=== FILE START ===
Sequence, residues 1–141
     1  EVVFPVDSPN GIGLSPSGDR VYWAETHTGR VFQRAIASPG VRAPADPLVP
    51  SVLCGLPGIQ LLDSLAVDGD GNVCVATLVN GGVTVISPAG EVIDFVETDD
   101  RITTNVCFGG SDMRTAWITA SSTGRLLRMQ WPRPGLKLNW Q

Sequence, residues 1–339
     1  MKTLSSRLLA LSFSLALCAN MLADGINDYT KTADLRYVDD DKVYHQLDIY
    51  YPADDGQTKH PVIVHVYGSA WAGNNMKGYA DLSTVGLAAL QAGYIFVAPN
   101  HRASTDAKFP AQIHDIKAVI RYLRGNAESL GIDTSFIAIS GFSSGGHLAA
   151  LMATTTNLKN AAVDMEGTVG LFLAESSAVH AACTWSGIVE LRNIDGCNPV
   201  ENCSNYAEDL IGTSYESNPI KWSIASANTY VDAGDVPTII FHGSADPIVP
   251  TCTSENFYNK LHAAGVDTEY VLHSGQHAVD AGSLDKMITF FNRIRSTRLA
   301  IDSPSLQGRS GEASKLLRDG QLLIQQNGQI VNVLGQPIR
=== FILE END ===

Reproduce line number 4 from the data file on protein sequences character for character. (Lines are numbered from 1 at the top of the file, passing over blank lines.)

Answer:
   101  RITTNVCFGG SDMRTAWITA SSTGRLLRMQ WPRPGLKLNW Q